5. Learning will be radically personalized.  Don’t you just love the use of superlatives? This is in the realm of plausible, but as I mentioned before, it’s not worth it until we’re doing it on top of good design.  Again, putting together wearables (read: context sensing) and personalization will lead to the ability to do transformative AR, but we’ll need a new design approach, more advanced sensors, and a lot more backend architecture and semantic work than we’re yet ready to apply.
  6. Grades and brand-name schools won’t matter for employment.  Sure, that MIT degree is worthless! Ok, so there’s some movement this way.  That will actually be a nice state of affairs. It’d be good if we started focusing on competencies, and build new brand names around real enablement. I’m not optimistic about the prospects, however. Look at how hard it is to change K12 education (the gap between what’s known and what’s practiced hasn’t significantly diminished in the past decades). Market forces may change it, but the brand names will adapt too, once it becomes an economic necessity.
  7. Supplements will improve our mental performance.  Drink this and you’ll fly! Yeah, or crash. There are ways I want to play with my brain chemistry, and ways I don’t. As an adult!  I really don’t want us playing with children, risking potential long-term damage, until we have a solid basis.  We’ve had chemicals support performance for a while (see military use), but we’re still in the infancy, and here I’m not sure our experiments with neurochemicals can surpass what evolution has given us, at least not without some pretty solid understanding.  This seems like long-term research, not near-term plausibility.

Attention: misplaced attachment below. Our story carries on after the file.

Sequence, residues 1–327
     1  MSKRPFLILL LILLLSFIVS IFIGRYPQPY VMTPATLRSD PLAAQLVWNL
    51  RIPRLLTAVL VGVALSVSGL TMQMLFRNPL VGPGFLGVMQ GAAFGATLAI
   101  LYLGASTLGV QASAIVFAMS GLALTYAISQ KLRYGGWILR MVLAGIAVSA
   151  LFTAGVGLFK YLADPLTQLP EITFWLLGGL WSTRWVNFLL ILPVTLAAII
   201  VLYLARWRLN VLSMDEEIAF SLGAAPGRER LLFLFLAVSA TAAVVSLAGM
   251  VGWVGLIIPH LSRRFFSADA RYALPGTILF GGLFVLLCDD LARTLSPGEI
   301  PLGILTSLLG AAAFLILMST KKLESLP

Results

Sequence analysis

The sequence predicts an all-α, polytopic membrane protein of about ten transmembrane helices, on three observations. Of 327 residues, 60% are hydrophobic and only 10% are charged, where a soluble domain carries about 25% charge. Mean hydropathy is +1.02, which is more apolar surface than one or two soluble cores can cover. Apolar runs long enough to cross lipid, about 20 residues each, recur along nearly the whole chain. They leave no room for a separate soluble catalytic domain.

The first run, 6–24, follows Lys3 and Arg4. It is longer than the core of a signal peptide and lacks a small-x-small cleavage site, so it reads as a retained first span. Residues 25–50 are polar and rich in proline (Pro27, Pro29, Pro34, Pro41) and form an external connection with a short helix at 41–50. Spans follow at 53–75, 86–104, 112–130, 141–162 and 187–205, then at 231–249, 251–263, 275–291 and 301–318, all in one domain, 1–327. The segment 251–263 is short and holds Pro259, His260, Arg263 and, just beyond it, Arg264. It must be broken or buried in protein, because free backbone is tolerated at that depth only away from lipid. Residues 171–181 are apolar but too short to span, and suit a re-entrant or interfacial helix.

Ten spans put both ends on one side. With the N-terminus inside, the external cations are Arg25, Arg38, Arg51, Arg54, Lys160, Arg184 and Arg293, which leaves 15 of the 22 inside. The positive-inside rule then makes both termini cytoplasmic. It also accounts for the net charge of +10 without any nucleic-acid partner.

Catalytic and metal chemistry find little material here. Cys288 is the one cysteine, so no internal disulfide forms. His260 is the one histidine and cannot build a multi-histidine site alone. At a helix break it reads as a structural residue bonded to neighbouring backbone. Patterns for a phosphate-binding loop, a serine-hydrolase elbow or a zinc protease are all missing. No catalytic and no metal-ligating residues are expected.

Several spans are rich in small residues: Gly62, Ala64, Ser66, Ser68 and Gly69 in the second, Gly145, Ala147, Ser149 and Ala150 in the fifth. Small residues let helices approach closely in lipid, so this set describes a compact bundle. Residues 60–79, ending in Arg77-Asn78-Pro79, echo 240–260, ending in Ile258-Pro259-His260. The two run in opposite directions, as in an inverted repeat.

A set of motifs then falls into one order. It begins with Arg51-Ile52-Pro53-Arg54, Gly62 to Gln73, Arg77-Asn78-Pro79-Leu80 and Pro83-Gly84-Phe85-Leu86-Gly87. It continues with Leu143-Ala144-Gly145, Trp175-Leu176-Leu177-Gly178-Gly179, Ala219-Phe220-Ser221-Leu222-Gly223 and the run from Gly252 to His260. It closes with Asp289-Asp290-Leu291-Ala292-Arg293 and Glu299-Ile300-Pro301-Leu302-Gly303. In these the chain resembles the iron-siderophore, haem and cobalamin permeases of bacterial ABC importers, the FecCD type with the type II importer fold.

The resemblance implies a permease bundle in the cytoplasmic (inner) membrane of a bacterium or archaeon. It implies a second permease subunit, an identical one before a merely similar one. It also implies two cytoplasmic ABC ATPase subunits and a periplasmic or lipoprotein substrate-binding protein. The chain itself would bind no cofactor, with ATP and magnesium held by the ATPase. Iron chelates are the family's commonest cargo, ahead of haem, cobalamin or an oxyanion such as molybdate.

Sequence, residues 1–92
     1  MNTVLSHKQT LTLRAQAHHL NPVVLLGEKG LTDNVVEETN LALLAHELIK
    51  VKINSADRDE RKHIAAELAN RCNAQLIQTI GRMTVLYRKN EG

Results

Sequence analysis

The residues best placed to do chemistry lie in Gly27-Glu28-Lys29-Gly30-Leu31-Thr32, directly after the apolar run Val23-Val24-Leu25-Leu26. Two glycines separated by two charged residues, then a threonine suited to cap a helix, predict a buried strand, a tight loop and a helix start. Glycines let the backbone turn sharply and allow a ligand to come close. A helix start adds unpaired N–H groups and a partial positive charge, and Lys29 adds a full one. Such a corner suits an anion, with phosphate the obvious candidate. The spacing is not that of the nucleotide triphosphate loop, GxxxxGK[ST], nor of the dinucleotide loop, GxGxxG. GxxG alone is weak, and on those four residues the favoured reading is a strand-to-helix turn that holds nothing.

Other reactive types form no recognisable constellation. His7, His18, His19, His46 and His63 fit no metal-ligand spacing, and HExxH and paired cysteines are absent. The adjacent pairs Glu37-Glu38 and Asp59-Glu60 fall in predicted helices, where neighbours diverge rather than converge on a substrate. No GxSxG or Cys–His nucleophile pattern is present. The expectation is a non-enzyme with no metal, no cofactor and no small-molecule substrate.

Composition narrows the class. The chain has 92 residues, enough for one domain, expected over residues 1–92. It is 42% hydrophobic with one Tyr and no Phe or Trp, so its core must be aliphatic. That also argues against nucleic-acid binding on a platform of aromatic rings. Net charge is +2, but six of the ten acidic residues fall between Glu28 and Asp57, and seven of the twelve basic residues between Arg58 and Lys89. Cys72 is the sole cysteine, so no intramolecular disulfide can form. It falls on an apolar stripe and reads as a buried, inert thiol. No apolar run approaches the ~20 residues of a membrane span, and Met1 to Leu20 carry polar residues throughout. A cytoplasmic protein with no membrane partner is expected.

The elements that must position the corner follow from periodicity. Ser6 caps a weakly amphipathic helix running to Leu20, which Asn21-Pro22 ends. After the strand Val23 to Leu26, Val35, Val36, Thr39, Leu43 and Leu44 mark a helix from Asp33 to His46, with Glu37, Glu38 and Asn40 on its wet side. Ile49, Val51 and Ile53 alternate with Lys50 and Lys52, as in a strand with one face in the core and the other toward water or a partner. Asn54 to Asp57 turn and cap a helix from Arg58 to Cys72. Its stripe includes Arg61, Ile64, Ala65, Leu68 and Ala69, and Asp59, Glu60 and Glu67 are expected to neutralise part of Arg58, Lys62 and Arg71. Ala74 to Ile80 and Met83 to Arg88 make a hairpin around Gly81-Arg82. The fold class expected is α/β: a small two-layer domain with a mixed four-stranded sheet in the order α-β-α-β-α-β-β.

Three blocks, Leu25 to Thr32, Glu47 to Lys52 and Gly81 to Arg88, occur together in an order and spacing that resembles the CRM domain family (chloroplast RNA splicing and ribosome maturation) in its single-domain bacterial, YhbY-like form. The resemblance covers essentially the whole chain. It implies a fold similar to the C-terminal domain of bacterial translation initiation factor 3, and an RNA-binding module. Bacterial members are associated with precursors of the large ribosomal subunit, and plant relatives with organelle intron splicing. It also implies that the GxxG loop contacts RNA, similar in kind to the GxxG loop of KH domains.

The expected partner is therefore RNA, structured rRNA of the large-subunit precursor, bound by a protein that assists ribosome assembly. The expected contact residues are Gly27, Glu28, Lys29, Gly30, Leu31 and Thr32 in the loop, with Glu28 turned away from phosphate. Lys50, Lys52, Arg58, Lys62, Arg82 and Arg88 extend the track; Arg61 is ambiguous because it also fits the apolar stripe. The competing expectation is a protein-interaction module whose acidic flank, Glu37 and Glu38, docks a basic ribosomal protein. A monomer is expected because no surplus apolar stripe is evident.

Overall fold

8. Gene editing will give us better brains.  It’s alive!  Yes, Frankenstein’s monster comes to mind here. I do believe it’s possible that we’ll be able to outdo evolution eventually, but I reckon there’s still not everything known about the human genome or the human brain. This similarly strikes me as a valuable long term research area, but in the short term there are so many interesting gene interactions we don’t yet understand, I’d hate to risk the possible side-effects.
  9. We won’t have to learn: we’ll upload and download knowledge. Yeah, it’ll be great!  See my comments above on neural implants: this isn’t yet ready for primetime.  More importantly, this is supremely dangerous. Do I trust what you say you’re making available for download?  Certainly not the case now with many things, including advertisements. Think about downloading to your computer: not just spam ads, but viruses and malware.  No thank you!  Not that I think it’s close, but I’m not convinced we can ‘upgrade our operating system’ anyway. Given the way that our knowledge is distributed, the notion of changing it with anything less than practice seems implausible.

Overall, this is reads like more a sci-fi fan’s dreams than a realistic assessment of what we should be preparing for.  No, human learning isn’t going to change forever.  The ways we learn, e.g. the tools we learn with are changing, and we’re rediscovering how we really learn.

There are better guides available to what’s coming in the near term that we should prepare for.  Again, we need to focus on good learning design, and leveraging technology in ways that align with how our brains work, not trying to meld the two.  So, there’re my opinions, I welcome yours.

The post Human Learning is Not About to Change Forever appeared first on Learnlets.